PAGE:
Several years ago, a new surgeon had joined the practice of an orthopedist whom I had known all of my career. He wanted me to meet his new partner. So, we had lunch.
Our discussion turned technical when my longtime orthopedic friend asked me to explain my position on VMO (Vastus Medialis Oblique) strengthening for patellofemoral pain- one of the four muscles of the quadriceps muscle group – to his new partner. He said, “I think you’ll find Doug’s ideas very enlightening. He’s helped me and my patients for years.” So, I shared my perspective. Who knew such an innocent subject as a muscle could cause such a riff.
The new surgeon said, “Well, everyone knows that you do isolated VMO strengthening for patellofemoral pain. I can’t believe you don’t do this!”
To which I replied in my best Spockian way, “Well, you can’t. It doesn’t have a separate nerve supply. You can’t isolate it. You have to train all of the muscles and if you’re going to do that, you might as well be weight bearing.”
I’m not sure there’s a color of red that could describe the hue on his face right then.
He said, “Nice meeting you,” with the emotion of a piece of steel and got up and walked out. No handshake either.
I looked at my orthopedist friend and said, “I guess he won’t be sending any people our way.”
“Well, he’ll figure it out. You’re right. Don’t worry about it,” he replied.
I don’t think he ever figured it out.
Back in 2005, I wrote about the problem of focusing on the VMO for patellofemoral pain, like you find in Runner’s Knee Syndrome, and it caused quite a ruckus. People with knee pain, especially patellofemoral pain, are often told by clinicians to strengthen their VMO to improve the alignment and tracking of the patella. By improving where the patella sits and travels, knee pain will improve – so the theory goes. The exercises for this selective strengthening are typically quad sets, limited range of motion knee extensions with or without the addition of electrical stimulation. But, since the VMO doesn’t have its own nerve supply, you can’t isolate the muscle from the rest of the quadriceps.
But, this isn’t just my opinion. Cerny examined this in 1995 and found no difference between the VMO activity and the rest of the quadriceps for a variety of common exercises used to target the VMO.
And now, another study reports:
“A large number of PFPS patients can experience significant improvements in pain, function and Quality of Life, at least in the short term, with quadriceps femoris rehabilitation, with or without emphasis on selective activation of the VMO component.”
So, why do clinicians still use exercises that attempt to isolate a muscle which cannot be isolated?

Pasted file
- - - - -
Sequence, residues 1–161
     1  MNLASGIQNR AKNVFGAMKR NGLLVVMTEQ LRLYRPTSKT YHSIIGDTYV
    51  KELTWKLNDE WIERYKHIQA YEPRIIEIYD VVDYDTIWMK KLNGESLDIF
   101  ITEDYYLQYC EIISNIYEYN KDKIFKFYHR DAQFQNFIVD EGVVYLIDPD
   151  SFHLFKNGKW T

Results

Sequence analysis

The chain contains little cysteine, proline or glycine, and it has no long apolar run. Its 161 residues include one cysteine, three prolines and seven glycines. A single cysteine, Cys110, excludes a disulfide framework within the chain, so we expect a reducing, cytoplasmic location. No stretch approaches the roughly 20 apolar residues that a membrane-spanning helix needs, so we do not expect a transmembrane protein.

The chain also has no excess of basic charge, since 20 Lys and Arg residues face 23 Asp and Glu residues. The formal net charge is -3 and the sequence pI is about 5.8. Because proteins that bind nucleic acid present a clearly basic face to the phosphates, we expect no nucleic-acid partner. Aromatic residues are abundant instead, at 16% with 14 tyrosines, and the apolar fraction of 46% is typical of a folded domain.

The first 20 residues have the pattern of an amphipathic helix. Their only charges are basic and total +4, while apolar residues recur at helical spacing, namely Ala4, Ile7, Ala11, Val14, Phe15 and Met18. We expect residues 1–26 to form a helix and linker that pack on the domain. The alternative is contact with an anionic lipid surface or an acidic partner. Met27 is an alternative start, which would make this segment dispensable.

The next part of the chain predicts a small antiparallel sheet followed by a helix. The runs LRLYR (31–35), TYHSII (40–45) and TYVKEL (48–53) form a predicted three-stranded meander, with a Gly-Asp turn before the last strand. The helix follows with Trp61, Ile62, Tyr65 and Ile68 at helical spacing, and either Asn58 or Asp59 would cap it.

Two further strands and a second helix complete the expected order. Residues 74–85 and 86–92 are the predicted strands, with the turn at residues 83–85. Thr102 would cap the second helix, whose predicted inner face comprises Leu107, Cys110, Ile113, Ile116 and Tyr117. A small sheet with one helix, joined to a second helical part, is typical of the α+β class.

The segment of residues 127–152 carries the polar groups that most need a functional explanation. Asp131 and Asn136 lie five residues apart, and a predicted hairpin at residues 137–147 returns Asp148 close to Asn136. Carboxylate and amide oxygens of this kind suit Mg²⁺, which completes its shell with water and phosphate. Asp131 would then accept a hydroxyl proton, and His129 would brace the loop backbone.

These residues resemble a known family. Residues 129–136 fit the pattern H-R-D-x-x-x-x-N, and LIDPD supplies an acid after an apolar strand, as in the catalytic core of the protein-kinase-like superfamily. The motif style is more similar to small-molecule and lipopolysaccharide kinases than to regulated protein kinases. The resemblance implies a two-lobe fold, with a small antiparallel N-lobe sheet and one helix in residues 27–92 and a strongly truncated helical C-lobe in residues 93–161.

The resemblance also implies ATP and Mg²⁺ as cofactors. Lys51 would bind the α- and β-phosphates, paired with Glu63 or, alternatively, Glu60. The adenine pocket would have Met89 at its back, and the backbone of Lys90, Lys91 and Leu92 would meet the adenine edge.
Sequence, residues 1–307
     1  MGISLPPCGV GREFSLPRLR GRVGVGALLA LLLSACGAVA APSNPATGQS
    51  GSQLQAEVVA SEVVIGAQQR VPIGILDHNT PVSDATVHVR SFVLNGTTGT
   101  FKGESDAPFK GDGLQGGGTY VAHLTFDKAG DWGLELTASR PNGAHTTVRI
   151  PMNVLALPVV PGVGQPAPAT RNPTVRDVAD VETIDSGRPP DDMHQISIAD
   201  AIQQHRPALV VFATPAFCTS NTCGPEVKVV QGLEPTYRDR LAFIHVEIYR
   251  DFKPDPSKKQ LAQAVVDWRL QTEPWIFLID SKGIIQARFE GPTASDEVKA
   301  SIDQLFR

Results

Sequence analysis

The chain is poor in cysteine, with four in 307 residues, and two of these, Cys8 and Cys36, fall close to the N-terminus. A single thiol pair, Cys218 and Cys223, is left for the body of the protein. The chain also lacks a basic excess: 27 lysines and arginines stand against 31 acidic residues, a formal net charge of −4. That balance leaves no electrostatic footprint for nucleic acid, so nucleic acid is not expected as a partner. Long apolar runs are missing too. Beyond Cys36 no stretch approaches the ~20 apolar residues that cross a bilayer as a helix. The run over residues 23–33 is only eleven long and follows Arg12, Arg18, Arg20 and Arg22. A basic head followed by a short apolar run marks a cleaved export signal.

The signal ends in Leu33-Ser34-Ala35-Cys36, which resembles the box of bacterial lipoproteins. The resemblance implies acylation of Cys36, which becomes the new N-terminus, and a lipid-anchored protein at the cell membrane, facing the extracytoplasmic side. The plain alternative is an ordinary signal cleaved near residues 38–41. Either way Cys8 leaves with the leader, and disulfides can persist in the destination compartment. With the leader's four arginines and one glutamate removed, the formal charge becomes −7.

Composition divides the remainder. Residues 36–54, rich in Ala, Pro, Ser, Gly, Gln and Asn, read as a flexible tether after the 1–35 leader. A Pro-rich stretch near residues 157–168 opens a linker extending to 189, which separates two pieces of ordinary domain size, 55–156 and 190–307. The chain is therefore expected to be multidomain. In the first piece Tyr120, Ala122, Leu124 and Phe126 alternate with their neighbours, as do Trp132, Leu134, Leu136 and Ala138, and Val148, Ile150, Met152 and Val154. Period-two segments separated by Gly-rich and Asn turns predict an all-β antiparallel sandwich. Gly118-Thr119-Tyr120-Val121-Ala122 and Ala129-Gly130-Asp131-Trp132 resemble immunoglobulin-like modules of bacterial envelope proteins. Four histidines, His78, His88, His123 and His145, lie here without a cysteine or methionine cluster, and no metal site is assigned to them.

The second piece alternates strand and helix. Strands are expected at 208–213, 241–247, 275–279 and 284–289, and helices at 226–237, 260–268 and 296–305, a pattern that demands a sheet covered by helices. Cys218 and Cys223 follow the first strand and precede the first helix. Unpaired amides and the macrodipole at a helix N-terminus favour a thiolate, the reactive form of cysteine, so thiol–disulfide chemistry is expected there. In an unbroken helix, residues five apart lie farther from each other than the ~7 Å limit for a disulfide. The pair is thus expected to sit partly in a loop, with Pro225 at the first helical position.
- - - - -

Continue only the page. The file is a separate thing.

In most cases, it’s because the alternatives – exercising with full body weight during a squat for example, are too hard and it hurts. Therefore, you have to get off your feet and either sit down or lie down to work on your leg strength which means things like quad sets, short arc knee extensions, leg lifts.
But, you can only get so far with that approach before the stimulus is insufficient to boost the leg strength.
For those of you with knee pain, this means that working on your entire leg strength is preferred to attempting to isolate the VMO. Why? Because the knee serves at the pleasure of the hip and ankle. It’s stuck in between and needs to learn to work in harmony.
People with knee pain will almost always have weakness of the hip on the same side as the knee pain which means that the hip will have trouble directing and controlling motion at the knee. So, to get everyone to play together, the hip, knee, and ankle, you have to train on your feet (even if you have to reduce the effect of gravity)
As an example, in the image to the right, we are using less than full body weight (the angle of the device reduces the effective load) yet we can achieve muscle fatigue without join pain. As the leg strength increases, you increase the angle of the device.
This saves time, teaches your leg how to move relative to the hip and ankle and is, in most cases, pain free.
PS – get all the details you need to overcome patellofemoral knee pain – including video of tests and selected drills, in my book, The Runner’s Knee Bible. Click here for more information.
Doug Kelsey, PT, PhD writes about “active aging” – how to overcome aches & pains, get strong, flexible, agile and stay as healthy and fit as possible over your lifetime. If you enjoyed this article, join his free newsletter.